Late Saturday, Toomey and congressional leaders reached a compromise that effectively clears the way for a stimulus deal. The middle ground would prevent exact copies of the expiring lending programs, including those for local governments and medium-sized businesses, from being created without congressional approval. But the Fed will hold onto its broader power to create new programs through its emergency lending authority.
On top of delaying a stimulus package, the fight briefly thrust the central bank into the political limelight it aggressively tries to avoid. The Fed stakes much of its reputation on being independent, and it has been a stabilizing force for the financial system since the pandemic began.
By Sunday morning, the central bank had not commented or issued a public statement on Toomey’s proposal or subsequent compromise. Even so, the Fed was inextricably caught in the middle.
“This is not just business as usual for the Fed,” said Karen Dynan, a former Fed staffer and chief economist at the Treasury Department who teaches at Harvard. “It’s just central banking 101: Try to keep monetary policy and the Fed’s emergency lending powers separate from political influences.”
Many economists and lawmakers agree the Fed’s swift, bold moves at the start of the recession helped stave off an ever deeper crisis. In March, the Fed slashed interest rates to zero, flooded the financial markets and boosted bond purchases. Through the Cares Act, Congress also allotted $454 billion to support a slate of emergency lending programs, which are run jointly by the Fed and Treasury Department.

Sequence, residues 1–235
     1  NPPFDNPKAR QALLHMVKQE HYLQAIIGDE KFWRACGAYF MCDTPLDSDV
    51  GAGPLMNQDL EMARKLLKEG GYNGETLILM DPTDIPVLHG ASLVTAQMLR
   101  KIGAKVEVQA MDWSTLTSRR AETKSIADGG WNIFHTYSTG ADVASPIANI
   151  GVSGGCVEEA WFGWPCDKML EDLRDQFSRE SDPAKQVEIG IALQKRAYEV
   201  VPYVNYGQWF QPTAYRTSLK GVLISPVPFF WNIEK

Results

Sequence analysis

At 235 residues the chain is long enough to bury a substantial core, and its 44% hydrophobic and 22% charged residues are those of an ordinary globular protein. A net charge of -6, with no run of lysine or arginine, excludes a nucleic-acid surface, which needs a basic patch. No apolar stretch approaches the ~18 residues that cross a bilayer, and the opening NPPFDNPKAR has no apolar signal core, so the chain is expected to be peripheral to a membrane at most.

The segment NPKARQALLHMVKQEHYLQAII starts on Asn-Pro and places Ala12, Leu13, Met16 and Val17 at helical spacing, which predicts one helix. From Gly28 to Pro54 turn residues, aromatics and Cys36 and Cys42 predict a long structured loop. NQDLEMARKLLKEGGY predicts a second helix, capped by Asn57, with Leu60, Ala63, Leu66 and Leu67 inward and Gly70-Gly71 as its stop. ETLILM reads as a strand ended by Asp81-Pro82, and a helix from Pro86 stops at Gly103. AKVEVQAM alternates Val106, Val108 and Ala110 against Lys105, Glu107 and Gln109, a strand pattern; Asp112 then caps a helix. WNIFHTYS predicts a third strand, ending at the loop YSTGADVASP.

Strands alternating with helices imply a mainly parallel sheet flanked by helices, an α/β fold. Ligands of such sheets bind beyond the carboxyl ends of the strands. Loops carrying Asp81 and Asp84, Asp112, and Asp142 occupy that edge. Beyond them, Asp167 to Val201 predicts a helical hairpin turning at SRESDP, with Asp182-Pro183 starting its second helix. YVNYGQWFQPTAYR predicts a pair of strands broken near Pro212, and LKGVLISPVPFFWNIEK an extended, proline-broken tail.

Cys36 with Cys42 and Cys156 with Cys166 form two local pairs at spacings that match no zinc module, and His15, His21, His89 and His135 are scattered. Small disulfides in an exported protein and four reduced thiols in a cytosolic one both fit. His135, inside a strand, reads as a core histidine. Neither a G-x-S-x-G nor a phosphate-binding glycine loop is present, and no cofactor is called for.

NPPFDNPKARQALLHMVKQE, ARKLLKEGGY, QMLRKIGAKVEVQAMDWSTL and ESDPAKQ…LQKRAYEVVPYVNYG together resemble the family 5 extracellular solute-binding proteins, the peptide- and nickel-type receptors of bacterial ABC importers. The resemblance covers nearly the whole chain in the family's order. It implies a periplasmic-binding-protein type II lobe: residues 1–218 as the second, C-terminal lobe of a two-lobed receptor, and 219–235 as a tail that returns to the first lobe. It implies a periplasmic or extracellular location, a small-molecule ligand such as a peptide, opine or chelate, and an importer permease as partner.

Whether those programs were as effective as possible depends on whom you ask. Despite providing a backstop to the markets and helping them rebound, the Fed has been criticized for not doing enough to make loans available to medium-sized businesses and local governments, and those programs have seen little uptake. Democrats and Republicans agree some of the programs’ unused money could be put to more direct use in a stimulus bill.
Yet the programs’ limitations have also spurred Fed leaders to urge for more help from Congress. For instance, the Fed can only issue loans that must be paid back. Fed Chair Jerome H. Powell has repeatedly told lawmakers that direct grants, like those from the Paycheck Protection Program, may be a better option for companies that can’t take on more debt.
Powell has kept pressure on Congress while walking a fine line. He routinely stops short of telling lawmakers what should go into a stimulus package. He does not answer questions about fiscal policy that, he says, stretch beyond his purview. The Fed’s mandate aims for maximum employment and stable prices, and it is set up to act as a lender of last resort in only “unusual and exigent” circumstances.
But the lending programs, even before the latest stimulus battle, have tested the Fed’s restraint.
Last month, Treasury Secretary Steven Mnuchin announced the…
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